When I invited a few girlfriends over to help me celebrate my birthday recently, I requested no gifts, but told them to feel free to bring wine. Which they did, because I have some pretty rad girlfriends. As a result, here is the birthday edition of Wines I drank.
Before we jump into the wines, I want to mention the homebrew Pumpkin Ale my friend Kath gave me.
I shared it with Pat while pumpkins were getting carved (it seemed appropriate, don’t you think?). We both liked it quite a bit. It was not overly sweet or spiced – one of our pet peeves about pumpkin ales. Rather, this one was a nice amber ale that was just right. I hestitate to say it was slightly caramelly (is that even a word?) because I don’t want to give the impression it was sweet – it was not, but it it definitely had a flavor that can best be described as caramel – like. Thank you Kath & Matt, we enjoyed it. Any chance you fill growlers?
Onto the wines. First up, Smoking Loon Chardonnay. After years of disdain for chardonnay, I have developed an appreciation for it in recent years. Smoking Loon is one of those labels that I tend to grab when I see it on sale – their chardonnay is one of those oaky, buttery chards that is lovely to sip on while cooking dinner – my preferred serving of the varietal. Diane gave me this bottle, which I stashed in the fridge and neglected to share with the group. I enjoyed it while cooking dinner a few nights the following week, making it a gift that kept giving (in the form of dinner inspiration!).
Betty walked in with this bottle of Vitiano Verdicchio Vermentino blend in hand. A 50/50 blend of two Italian varietals, this wine was clean, crisp, light on the palate and refreshing. Highly drinkable. Per Betty, “I like a wine that refreshes like water.” This is that wine.
Le Chaz came from my friends Bonnie & Ted. A French white, it is a blend of Vermentino (80%), Chardonnay (15%) and Sauvignon (5%). As part owner of Williams Corner Wine, Ted is frequently generous with his wine collection, especially around my birthday. Like the previous Vermentino blend, this wine was clean, crisp and refreshing. I shared it one afternoon with my favorite Axe-wearing, Supreme Court covering, neighborhood mom friend. Thank you Bonnie & Ted for the wine and Dahlia for the company drinking it.
While Amy was unable to make the celebration, she was thoughtful enough to swing by the next day and drop off a bottle of Quinta de Gomariz Vinho Verde. I know I’ve written about how much I adore Vinho Verde wines on hot summer days because they are light, crisp, slightly effervescent and therefore, lower in alcohol content, making them perfect for afternoon drinking. I took this bottle along with us to Oysterfest, where it turned out Saturday afternoon was unseasonably warm. This wine hit the spot perfectly that afternoon after the parade, when yet another round of fun was just starting to ramp up and I needed something light & clean to pair with oysters. Note to self – bring a bottle of Vinho Verde to Oysterfest every year.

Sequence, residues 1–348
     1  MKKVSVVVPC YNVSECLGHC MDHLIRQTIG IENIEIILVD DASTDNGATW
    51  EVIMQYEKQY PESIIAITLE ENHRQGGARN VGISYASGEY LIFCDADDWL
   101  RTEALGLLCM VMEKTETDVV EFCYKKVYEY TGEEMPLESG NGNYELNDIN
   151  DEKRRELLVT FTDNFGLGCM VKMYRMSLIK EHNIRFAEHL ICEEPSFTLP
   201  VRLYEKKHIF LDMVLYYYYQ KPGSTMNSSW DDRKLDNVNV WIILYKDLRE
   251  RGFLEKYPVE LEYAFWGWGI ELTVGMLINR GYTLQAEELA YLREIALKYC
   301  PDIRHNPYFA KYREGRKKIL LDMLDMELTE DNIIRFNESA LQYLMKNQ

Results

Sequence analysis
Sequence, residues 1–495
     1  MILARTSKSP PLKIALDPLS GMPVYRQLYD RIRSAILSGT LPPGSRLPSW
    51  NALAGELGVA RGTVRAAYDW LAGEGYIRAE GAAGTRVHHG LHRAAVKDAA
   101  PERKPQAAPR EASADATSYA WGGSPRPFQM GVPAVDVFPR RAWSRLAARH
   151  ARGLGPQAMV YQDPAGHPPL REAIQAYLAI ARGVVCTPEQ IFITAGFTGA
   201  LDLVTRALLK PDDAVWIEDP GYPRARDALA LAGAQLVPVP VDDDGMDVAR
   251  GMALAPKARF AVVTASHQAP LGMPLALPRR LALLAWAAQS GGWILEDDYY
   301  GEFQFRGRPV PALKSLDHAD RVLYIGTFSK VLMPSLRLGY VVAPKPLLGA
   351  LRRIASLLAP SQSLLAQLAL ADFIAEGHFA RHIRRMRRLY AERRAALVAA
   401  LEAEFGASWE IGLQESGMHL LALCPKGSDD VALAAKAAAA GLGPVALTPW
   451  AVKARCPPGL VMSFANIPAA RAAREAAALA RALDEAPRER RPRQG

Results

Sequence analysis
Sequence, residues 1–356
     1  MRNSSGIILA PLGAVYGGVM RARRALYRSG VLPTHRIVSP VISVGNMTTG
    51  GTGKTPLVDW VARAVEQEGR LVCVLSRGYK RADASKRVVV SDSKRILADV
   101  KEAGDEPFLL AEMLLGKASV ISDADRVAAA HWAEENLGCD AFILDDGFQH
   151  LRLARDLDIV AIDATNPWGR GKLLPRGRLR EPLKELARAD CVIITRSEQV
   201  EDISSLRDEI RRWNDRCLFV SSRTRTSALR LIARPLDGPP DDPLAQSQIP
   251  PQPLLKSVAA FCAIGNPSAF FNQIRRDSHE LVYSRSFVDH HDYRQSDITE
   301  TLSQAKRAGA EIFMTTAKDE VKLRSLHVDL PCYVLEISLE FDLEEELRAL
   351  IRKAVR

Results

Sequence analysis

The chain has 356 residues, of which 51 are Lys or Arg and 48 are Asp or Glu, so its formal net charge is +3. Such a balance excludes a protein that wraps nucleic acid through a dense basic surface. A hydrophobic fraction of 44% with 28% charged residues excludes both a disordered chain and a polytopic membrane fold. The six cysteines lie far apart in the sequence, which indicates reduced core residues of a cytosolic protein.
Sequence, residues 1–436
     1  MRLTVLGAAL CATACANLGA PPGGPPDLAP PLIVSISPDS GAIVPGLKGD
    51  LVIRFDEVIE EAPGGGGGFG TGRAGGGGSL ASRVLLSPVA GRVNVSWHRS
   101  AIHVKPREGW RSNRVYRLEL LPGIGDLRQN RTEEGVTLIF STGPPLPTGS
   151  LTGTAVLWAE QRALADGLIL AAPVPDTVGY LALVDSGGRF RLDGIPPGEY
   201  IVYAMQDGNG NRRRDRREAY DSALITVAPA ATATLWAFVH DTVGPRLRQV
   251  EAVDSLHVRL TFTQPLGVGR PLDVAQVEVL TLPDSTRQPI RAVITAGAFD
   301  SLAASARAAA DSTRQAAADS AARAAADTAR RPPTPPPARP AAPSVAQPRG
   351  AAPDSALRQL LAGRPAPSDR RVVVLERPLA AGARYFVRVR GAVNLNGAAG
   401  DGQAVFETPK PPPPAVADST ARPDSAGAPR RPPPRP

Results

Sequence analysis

I believe Aileen brought this bottle of Kermit Lynch Côtes du Rhône. Honestly, I’m not entirely sure who brought which reds, as most of the early guests brought whites and later arriving guests brought reds. Also, it was my birthday and there was joy & merriment and no official scribe who kept track of who brought what. Hopefully no one’s feelings will be hurt.
So, Kermit Lynch Côtes du Rhône. Kermit Lynch is a respected wine importer (and writer & more) who gravitates towards French & Italian wines made the traditional way with emphasis on terroir. (Terroir is the special characteristics of geography, climate and geology of a place interacting with a plant’s genetics. It’s applied throughout agriculture and can be seen in other products such as Pennsylvania corn vs. Virginia corn.) I’ve heard it said, if Kermit Lynch’s name is on the label, you can’t go wrong. I wrote here last spring about Côtes du Rhône (go here if you want to read it) wines and I’m a fan of them. I always forget to grab them when I’m making wine purchases though, because standing there in the store, I start getting panicky about French wines and move on to what I think I know better. I know, I know. Maybe after this I will remember. As far as this wine is concerned, it had some berry notes as well as a nice earthiness to round it out. I do love a nice Côtes du Rhône.
(If you missed it on the last Food & Wine issue of New York Times Magazine, take some time to read this interview with Kermit Lynch.
Gen 5, Old Vine Zinfandel, is a California Zin from Lodi, an Appellation just east of San Francisco. Lodi is noted for its Mediterranean like climate and best known for its Zinfandels. Zins can be big wines – lush & jammy, with fruit and well as black pepper notes. Gen 5’s Old Vine Zinfandel is a fantastic example of a Lodi Zin – juicy and balanced.
Another grape the Lodi Appallation does well is Cabernet Sauvingnon. Like Zin’s, Cab Sauv’s are known to be what is often referred to as ‘big’ California reds. They can be heavy to drink, which is why they are often paired with meats and other dishes considered comfort food. I am one of those who has a hard time drinking a big red in hot weather – I prefer roses, cab francs or pinot noirs. But with the cold snaps we’ve been having, big reds like this are exactly what I’m looking for in a wine. This bottle of Noble Vines 337 Cab Sauv had a good balance of fruit & tannins and was much enjoyed.
Thank you to all my girlfriends who not only carved out time for me on my birthday, but shared such lovely treats with me. You rock.